Pittsburgh Mayor Bill Peduto crafted a new policy slashing the number of free parking passes available to employees from 271 to 29, while allowing marked vehicles on city business to park without restrictions during certain hours outside of Downtown.
Mr. Peduto issued an executive order last month to examine the city's policy of free passes, which allow employees to park in metered spaces and city lots for free. The previous administration gave the passes to everyone from the mayor's chief of staff to volunteer members of boards and commissions. In a news release, Mr. Peduto said that some held them legitimately, but others "got them as favors or gifts."
On Monday, the mayor's office announced that distribution of the passes will be extremely limited and 18 of the passes will be controlled by department heads who can issue them to employees on a daily basis. The other 11 will be distributed to the nine members of city council, Controller Michael Lamb and the Law Department attorney assigned to magistrate's court. The mayor's office, which had nine before, will have none.
Previously, 189 city and authority employees and three Allegheny County employees had unrestricted passes that could be used anywhere in the city at any time. Another 79 restricted passes could be used during certain business hours Downtown and in Uptown. That included some authority board members who worked strictly on a volunteer basis.
The reduction in the number of passes is accompanied by a rule change that will allow those in marked city vehicles to park in legal spaces without paying outside of Downtown during the daytime, as long as they're on city business. The Pittsburgh Water and Sewer Authority -- which had 52 passes before -- will have none. But spokeswoman Melissa Rubin said most of the passes were attached to marked city vehicles that will still be permitted to park without restrictions while out on the job. By and large, she said, it won't change the way the authority does business.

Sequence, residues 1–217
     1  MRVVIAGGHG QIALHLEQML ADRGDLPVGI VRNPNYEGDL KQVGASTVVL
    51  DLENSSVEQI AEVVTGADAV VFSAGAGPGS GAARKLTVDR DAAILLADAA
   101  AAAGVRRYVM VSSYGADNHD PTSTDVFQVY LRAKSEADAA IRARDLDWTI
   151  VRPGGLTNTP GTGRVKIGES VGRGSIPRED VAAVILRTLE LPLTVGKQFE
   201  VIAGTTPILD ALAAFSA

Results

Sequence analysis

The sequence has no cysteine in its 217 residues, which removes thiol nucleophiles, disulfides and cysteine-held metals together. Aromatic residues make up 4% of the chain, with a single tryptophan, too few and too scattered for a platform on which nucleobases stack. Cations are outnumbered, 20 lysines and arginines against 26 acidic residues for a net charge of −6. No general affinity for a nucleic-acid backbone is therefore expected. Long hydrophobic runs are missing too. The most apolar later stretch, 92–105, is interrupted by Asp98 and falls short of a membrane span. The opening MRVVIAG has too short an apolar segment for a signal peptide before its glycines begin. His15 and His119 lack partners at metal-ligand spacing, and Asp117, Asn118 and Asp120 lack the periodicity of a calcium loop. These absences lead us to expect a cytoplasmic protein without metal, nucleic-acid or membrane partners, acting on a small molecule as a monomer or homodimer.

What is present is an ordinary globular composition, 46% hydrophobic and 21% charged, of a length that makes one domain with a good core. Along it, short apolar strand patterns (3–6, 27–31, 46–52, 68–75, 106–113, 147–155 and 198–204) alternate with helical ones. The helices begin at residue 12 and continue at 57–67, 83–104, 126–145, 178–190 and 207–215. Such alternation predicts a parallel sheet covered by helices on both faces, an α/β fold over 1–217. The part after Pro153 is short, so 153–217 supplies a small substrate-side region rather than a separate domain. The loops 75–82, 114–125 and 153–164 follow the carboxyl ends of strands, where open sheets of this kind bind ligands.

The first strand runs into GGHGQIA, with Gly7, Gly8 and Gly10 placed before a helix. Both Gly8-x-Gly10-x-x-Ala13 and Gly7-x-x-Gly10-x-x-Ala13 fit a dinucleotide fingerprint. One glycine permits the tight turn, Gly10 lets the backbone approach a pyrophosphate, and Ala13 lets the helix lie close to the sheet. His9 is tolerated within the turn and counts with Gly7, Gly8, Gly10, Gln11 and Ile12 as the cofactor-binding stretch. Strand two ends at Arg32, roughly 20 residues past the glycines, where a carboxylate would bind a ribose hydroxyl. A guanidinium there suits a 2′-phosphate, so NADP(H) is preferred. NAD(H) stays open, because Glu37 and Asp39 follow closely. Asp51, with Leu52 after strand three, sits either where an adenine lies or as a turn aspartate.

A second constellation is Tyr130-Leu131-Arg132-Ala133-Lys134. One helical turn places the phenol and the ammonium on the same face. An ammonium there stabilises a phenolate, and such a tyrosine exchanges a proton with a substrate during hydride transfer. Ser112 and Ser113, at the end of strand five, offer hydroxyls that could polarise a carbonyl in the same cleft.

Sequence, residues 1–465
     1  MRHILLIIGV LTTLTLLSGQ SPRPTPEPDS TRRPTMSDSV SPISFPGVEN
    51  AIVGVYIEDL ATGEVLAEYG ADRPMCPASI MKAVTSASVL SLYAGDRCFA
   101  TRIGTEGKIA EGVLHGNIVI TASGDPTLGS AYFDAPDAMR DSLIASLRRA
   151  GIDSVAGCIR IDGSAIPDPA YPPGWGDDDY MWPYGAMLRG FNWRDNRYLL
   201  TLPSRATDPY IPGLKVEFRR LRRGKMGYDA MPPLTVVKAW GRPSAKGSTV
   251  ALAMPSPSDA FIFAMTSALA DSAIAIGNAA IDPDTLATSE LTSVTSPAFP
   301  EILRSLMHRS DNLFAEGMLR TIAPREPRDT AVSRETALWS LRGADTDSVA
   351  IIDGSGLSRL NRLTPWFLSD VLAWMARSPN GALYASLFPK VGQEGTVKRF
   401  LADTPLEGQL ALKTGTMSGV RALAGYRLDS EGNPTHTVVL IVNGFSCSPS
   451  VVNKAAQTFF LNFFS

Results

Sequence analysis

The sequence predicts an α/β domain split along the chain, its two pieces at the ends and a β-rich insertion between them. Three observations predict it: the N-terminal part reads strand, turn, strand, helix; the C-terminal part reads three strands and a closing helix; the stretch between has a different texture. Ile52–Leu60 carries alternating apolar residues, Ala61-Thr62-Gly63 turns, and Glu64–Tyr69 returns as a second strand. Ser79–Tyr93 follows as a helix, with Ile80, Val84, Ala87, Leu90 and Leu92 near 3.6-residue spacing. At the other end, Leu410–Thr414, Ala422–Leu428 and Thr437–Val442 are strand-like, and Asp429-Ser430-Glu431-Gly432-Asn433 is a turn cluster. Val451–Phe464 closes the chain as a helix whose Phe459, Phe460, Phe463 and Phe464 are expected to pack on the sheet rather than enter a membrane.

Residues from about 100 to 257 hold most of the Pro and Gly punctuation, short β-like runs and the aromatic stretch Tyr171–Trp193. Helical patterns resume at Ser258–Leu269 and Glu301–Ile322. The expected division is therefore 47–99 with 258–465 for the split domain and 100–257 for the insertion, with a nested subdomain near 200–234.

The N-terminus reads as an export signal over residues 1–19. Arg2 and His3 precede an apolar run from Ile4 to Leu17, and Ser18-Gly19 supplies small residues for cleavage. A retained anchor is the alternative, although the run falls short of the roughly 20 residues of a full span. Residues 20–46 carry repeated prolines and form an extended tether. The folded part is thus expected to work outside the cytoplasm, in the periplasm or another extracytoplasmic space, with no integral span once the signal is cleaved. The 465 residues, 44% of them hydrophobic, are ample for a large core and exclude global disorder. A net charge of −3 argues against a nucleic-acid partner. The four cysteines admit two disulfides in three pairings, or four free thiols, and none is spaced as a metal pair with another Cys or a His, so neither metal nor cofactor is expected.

The authority previously had passes for its board members, who have all resigned per a request from the mayor. New board members, when they're appointed, won't have that benefit.
"The parking pass situation that existed before was out of control and it was past time to rein it in," Mr. Peduto said. "There are a very limited number of employees who will receive these passes to do their jobs, and this policy ensures that it will stay that way."
Mr. Peduto noted that some revenue from parking meters is used to bolster the city's pension fund, so it is important to collect as much money as possible.
Under the new policy, 10 passes will be available in the city's Finance Department; four in the controller's office; two in the Planning Department; and one each in public works and building inspection. Finance and the controller's office have employees who travel across the city regularly to collect money or do contract inspection.
Under the old system, the mayor's office has estimated the passes cost the city about $1 million annually.
That estimate assumed that all of the passes were used every single business day in Downtown metered parking spaces that cost $3 an hour.
Ed Blazina: firstname.lastname@example.org or 412-263-1470. Moriah Balingit: email@example.com, 412-263-2533 or on Twitter @MoriahBee. First Published February 24, 2014 3:05 PM